The "Crossed Legs" Movement: How a Sex Strike Got Things Done
Since 22 June, the women of the small town of Barbacoas in the Nariño province of Colombia have foregone all sexual activity. After years of fruitless pressure on the central government to pave a road linking their town with the rest of the province, they finally reached breaking point and organised what has come to be known as the "crossed legs movement" in protest. The failure by previous administrations to take action has left Barbacoas virtually unreachable by car, leading to scores of deaths.
Barbacoas is a small port town in south-west Colombia, which linked the southern regions of the country in the 19th and 20th century. Barbacoans still proudly claim that every European piano that reached Colombia in the 19th century came through their port. However, the uneven routes that those pianos had to travel a century ago have not changed since.
After years of protest, hunger strikes and unfulfilled promises, the women of Barbacoas took matters into their own hands. They decided that their plight went beyond road construction and that their human rights were effectively being violated by the state. With their town located in a volatile region of the country affected by ongoing guerrilla and paramilitary attacks, women feel they need a safe and direct route into the rest of the province to be able to lead their lives with dignity.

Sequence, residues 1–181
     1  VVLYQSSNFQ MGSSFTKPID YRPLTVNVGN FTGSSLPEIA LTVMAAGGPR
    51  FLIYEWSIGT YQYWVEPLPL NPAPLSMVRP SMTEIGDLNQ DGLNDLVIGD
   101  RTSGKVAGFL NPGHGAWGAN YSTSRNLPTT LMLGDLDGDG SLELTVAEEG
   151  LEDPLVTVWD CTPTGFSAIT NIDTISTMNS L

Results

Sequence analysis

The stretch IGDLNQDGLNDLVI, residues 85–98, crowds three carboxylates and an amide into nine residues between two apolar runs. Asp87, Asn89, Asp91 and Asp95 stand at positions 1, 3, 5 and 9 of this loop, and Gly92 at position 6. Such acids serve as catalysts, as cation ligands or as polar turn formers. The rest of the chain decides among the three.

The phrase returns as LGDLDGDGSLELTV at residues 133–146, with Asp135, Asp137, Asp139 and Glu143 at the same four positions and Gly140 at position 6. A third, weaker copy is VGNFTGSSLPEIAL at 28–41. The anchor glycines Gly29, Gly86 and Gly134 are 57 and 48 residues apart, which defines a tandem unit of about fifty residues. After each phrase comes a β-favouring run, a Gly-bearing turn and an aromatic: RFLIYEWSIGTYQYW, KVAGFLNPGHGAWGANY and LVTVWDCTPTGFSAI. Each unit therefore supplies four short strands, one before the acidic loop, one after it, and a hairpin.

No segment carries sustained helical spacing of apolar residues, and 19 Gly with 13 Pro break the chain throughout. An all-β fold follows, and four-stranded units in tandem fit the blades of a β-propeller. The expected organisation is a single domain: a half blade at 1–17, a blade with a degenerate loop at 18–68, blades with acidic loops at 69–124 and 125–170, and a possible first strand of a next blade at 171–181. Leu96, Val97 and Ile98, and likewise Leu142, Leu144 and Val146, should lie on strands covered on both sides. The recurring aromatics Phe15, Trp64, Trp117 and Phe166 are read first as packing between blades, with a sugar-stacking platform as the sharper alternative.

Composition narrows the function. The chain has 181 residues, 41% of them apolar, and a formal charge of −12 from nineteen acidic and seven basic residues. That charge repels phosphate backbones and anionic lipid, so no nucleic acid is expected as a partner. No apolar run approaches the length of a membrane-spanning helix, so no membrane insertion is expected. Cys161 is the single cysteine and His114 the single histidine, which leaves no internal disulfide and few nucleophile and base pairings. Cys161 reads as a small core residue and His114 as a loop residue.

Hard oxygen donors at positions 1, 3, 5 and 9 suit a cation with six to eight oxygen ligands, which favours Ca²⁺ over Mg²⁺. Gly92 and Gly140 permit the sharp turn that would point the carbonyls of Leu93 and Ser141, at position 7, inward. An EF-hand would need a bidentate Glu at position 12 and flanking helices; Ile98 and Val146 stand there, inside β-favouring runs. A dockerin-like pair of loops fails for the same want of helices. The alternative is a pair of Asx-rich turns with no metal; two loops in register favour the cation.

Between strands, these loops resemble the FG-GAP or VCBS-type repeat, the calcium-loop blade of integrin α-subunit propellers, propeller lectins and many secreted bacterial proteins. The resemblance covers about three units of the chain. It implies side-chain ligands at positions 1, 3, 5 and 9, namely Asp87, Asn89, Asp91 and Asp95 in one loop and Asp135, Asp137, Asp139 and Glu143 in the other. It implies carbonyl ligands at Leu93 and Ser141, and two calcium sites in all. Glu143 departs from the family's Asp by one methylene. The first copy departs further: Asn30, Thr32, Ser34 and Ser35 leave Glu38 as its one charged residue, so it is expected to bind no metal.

Ruby Quinonez, one of the leaders of the "crossed legs movement", stated: "We are being deprived of our most human rights and as women we can't allow that to happen … Why bring children into this world when they can just die without medical attention and we can't even offer them the most basic rights? We decided to stop having sex and stop having children until the state fulfils its previous promises." And so like modern day Lysistratas, the women of Barbacoas banned sex from the town. Under the banner of "No more sex. We want our road", they have been sticking to their guns since June.
At first, the protest met with muted amusement and opposition from the town's residents. But as the movement grew, the men's initial resistance quickly turned to support. It easy to understand why their resolve is not faltering: the lack of a paved road means that even the cost of food is five or six times that of other regions of the country. But this isn't just about the price of goods or convenience: there have been many deaths linked to the lack of adequate infrastructure, as ambulances get stuck in the mud trying to reach town. Judge Marybell Silva, spokesperson for the movement, said: "I personally had to see a 23-year-old pregnant woman die along with her unborn baby just because the ambulance got stuck on the road and could not reach [the capital of the region]. That's when I knew we had to do something."
Their efforts are starting to catch the attention of the media and government. Invias, the state department for road development, has already earmarked 40,000 million pesos (roughly £14m) to pave a large proportion of the road. However, funds have yet to be allocated for the last 30 kilometres into town and the women have vowed to "keep their legs crossed" until this changes.
Like the SlutWalk protest last month, the crossed legs movement is perhaps a new interpretation of women's fight for their rights – one in which sexuality is being used as an empowering tool. Taking direct action with their peaceful protest, the women of Barbacoas are riding a wave of redefinition of what it means to be a feminist in modern times. Thanks to it, they are finding the courage to remain strong in their demands.